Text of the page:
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Cirrus Bay - The Art of Vanishing CD (album) cover


Cirrus Bay



3.75 | 44 ratings

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3 stars The band Cirrus Bay started out in 2001 as an acoustic duo that played coffee houses. Since then, they have evolved to a full- blown Neo-prog.. Since 2008 to the present day, they have released 6 albums, their 6th album being called "The Art of Vanishing" released in June of 2019. Currently, the band line-up consists of founder Bill Gillham and Mark Blasco, who both play most of the instruments and provide backing vocals. On this album, Tai Shan provides the lead vocals and Sharra Acie sings backup vocals. The album consists of 11 tracks, 2 of which are just over 10 minutes which bookend the album, with the entire album's duration being over 54 minutes.

"A Blossom of Hills" begins with some nice acoustic work which is soon joined by some very lovely vocals, starting with Tai alone, and then soon with harmonization. After 2 minutes, the tempo moves a lot faster and the entire band plays, but this strangely fades out rather quickly and the acoustic sound returns. The music gets a bit atmospheric, and then suddenly goes up tempo again without any warning and the guitar improvises off of a riff. This is followed by a synth solo, the rhythm breaks, then returns with vocals. This time the tempo remains upbeat for a while, but the first half of the track seemed quite choppy and poorly executed, but improves in the 2nd half. Everything calms again around the 7 minute mark and the interchanging slow to fast tempo pattern continues through the track.

"Undiscovered Isle" is a nice, peaceful acoustic instrumental track. "A Garment of Clouds" begins immediately with the full band and the vocalist coming in early. The music is simple and easy to listen to, the singing it lovely, but everything else moves ahead in a standard beat. "The North Country" is another instrumental that follows a solider beat with the organ taking the lead and with the overall sound remaining pretty mellow. After two minutes, the beat and sound gets a little heavier and the organ and guitar echo each other pretty much note for note. In the last minute, it returns to the original sound. "Sooke Harbour" goes for a more pastoral feel with acoustic guitar and a recorder (later joined by sax) and a soft, moderate rhythm which approaches a folk-ish vibe. "Eden" is another straightforward sounding track with a smooth, moderate and rolling feel, a rollicking synth solo appears in the instrumental break, followed by wordless vocals and then a short guitar section before returning to the main vocal melody.

"Unexpected Wonder" is a bit longer nearing the 7 minute mark. The rhythm is a bit trickier here. There is some nice sax supported by vibes and other keys with some guitar showing through. The moderate feel suddenly stops and then everything starts again with a more uptempo feel, again chopped and slightly clumsy like in the first track. Sometimes the music moves from one section to another quite smoothly, but other times, it seems like it gets cut off. But the track is more progressive like the first track, just not always well executed, or edited. Overall, however, the music remains mellow and safe. "Lost and Profound" returns to the shorter track format. It is soft and without rhythm with a piano backing up the sax, with a classical feel to it, except for the sax which might remind you of bad new age music. Kenny G anyone? "The Dictator" brings back the more standard, soft-rock sound, but at least features the lovely singing.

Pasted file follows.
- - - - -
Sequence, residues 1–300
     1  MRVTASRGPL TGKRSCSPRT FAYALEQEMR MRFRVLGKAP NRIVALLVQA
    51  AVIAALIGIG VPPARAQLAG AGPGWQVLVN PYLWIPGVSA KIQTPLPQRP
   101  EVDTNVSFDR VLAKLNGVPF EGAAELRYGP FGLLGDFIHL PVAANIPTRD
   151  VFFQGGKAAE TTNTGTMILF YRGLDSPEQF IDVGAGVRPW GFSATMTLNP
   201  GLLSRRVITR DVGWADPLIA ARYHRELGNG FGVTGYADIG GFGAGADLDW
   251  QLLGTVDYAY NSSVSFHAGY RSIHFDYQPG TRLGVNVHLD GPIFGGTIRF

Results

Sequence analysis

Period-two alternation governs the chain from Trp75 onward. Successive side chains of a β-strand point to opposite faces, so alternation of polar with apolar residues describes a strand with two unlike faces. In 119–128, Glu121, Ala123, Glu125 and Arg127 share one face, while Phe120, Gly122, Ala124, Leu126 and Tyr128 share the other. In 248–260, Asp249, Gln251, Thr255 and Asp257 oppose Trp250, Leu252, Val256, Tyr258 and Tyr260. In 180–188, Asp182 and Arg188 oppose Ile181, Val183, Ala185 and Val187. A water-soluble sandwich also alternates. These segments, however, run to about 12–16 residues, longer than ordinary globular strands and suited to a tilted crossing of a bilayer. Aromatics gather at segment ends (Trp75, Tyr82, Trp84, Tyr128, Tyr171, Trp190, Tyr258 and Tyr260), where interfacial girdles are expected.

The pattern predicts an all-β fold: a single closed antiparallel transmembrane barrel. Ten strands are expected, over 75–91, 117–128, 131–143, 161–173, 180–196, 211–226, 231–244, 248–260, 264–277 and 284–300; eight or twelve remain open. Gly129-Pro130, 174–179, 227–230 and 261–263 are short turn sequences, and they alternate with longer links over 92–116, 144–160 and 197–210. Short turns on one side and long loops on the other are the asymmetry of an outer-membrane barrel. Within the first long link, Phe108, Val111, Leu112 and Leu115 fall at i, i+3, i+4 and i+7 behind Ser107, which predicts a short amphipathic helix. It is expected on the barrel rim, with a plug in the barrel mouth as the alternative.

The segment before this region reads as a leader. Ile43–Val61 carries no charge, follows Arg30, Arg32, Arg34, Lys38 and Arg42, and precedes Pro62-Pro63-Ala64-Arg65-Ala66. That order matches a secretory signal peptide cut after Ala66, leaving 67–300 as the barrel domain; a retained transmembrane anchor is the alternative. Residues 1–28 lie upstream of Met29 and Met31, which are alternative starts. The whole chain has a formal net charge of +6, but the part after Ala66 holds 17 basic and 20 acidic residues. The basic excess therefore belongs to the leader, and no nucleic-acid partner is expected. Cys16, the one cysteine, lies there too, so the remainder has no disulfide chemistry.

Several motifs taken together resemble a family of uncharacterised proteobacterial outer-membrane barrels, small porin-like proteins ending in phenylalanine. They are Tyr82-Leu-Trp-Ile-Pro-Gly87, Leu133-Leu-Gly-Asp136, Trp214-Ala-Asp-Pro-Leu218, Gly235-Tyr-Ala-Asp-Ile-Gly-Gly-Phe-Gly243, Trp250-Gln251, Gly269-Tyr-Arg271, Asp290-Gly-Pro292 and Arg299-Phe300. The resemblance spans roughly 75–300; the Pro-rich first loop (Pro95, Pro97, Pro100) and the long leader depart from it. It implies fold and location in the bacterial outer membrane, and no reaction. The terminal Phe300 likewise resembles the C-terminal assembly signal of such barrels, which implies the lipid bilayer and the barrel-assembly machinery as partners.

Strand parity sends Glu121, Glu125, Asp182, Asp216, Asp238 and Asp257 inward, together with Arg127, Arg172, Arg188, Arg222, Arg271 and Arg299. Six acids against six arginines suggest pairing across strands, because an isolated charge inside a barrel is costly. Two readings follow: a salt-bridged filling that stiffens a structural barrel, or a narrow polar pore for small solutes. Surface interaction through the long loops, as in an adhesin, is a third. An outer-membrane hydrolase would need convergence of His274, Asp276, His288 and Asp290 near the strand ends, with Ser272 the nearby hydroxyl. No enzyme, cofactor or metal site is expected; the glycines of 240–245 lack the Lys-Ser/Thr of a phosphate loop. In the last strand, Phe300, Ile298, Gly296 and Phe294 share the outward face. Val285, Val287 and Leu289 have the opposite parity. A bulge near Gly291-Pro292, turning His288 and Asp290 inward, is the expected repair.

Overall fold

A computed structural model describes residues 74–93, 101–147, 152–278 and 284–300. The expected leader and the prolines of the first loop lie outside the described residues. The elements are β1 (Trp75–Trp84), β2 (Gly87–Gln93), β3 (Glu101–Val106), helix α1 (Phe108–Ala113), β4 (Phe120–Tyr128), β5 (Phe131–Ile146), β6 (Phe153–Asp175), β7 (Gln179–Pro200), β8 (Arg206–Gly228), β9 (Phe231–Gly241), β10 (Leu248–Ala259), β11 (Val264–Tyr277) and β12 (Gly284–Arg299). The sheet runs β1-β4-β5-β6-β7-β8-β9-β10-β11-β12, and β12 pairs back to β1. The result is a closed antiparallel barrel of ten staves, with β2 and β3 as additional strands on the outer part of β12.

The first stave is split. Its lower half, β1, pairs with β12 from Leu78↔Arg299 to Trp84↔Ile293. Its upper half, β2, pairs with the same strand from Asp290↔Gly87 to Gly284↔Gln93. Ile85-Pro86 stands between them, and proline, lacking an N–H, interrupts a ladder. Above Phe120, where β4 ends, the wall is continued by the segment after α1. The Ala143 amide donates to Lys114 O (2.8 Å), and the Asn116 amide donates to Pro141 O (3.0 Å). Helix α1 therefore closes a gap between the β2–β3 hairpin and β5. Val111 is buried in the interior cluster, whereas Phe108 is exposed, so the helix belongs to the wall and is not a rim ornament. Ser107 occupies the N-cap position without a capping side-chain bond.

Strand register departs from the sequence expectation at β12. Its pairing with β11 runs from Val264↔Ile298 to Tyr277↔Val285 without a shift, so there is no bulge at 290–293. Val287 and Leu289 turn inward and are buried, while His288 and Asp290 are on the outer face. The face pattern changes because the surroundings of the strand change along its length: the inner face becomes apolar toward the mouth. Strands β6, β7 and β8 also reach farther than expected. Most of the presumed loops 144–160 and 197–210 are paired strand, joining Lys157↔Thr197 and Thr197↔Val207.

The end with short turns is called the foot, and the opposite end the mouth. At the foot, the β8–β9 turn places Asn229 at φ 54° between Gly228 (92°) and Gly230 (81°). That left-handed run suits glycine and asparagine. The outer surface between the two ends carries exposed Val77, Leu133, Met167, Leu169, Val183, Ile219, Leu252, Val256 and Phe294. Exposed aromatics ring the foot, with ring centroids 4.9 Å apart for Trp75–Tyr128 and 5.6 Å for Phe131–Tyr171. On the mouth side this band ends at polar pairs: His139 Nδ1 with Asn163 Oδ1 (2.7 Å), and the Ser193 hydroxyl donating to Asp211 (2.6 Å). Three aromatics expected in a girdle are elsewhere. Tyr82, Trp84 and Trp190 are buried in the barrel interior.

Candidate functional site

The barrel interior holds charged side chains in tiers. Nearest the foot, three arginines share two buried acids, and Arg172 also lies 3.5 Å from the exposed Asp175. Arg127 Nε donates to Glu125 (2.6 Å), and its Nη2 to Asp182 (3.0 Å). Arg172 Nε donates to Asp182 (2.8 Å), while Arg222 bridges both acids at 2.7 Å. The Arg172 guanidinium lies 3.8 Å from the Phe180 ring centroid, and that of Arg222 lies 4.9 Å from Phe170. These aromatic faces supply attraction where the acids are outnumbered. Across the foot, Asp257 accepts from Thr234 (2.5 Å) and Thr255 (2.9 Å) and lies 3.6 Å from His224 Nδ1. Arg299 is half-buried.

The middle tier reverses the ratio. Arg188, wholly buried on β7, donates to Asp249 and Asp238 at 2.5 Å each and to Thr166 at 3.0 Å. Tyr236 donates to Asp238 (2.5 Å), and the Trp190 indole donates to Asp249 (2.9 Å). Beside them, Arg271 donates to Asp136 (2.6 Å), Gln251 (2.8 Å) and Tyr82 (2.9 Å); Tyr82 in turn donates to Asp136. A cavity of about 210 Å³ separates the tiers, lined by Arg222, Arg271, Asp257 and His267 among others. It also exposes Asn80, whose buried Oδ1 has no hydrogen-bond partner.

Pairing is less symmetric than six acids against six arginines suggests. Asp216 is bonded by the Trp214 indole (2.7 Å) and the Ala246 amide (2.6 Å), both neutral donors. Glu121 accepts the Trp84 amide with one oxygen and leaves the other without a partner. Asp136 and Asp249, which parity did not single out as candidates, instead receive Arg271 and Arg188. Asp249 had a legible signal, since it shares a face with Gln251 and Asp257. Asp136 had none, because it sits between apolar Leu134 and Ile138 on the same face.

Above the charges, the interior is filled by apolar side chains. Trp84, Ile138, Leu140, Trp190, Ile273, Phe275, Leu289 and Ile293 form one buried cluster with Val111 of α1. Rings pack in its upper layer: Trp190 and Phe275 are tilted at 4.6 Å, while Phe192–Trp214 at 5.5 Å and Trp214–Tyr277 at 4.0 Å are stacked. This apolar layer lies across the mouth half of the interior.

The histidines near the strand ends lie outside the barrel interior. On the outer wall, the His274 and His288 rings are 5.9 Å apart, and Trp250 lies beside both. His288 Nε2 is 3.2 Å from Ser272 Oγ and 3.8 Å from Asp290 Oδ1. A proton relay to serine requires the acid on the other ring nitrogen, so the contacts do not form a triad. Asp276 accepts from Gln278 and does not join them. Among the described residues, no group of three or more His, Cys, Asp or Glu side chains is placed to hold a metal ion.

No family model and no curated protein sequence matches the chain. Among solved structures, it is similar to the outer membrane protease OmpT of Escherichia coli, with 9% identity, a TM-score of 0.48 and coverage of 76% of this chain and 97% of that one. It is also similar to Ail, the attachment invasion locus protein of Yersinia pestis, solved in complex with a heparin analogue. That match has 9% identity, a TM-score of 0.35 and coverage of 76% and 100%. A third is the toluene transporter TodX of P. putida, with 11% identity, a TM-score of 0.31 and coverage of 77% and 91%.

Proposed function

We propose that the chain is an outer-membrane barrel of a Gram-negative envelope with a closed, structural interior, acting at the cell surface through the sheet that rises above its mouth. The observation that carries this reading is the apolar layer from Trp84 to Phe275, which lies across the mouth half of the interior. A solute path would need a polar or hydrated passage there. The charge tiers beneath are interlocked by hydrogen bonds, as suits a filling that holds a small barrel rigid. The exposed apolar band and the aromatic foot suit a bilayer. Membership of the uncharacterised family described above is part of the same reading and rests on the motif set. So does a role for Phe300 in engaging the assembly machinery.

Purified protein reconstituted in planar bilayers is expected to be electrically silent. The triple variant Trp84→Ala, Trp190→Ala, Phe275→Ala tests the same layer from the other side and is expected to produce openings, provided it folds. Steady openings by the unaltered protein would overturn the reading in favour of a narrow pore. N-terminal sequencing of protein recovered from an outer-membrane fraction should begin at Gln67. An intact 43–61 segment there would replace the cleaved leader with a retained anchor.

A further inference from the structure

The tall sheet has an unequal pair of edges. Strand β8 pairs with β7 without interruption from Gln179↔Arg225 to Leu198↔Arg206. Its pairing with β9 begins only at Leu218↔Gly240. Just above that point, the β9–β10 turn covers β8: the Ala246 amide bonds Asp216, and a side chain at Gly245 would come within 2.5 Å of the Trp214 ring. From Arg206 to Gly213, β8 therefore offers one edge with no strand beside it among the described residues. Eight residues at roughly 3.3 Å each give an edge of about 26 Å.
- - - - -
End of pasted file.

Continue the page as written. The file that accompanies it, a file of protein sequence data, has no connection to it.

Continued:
"The Vanishing Place" is the closing track, and the other 10 minute song. The track begins with solo piano in a minor key. Soon a sax plays along and then the band stumbles in. Vocals begin shortly after. As is the case with the other two longer tracks, this one is more progressive, but still retains the soft rock sound that pretty much continues through the entire album. The song pretty much stays the same all the way through, however, offering no real highpoints or surprises.

This music would be recommended to those that like their music on the soft side, with hints of folk tendencies throughout. There are progressive tracks, usually the longer ones with the many shorter tracks being more straightforward. However, the music isn't very challenging and is in a soft-rock style. The more progressive sections are somewhat clumsy and not very well edited with fade outs or cut offs between sections. The music isn't bad though, but nothing really stands out on the album either. The tracks stay quite safe sounding, but at least the vocalist is good, so that helps. 3 stars.

TCat | 3/5 |


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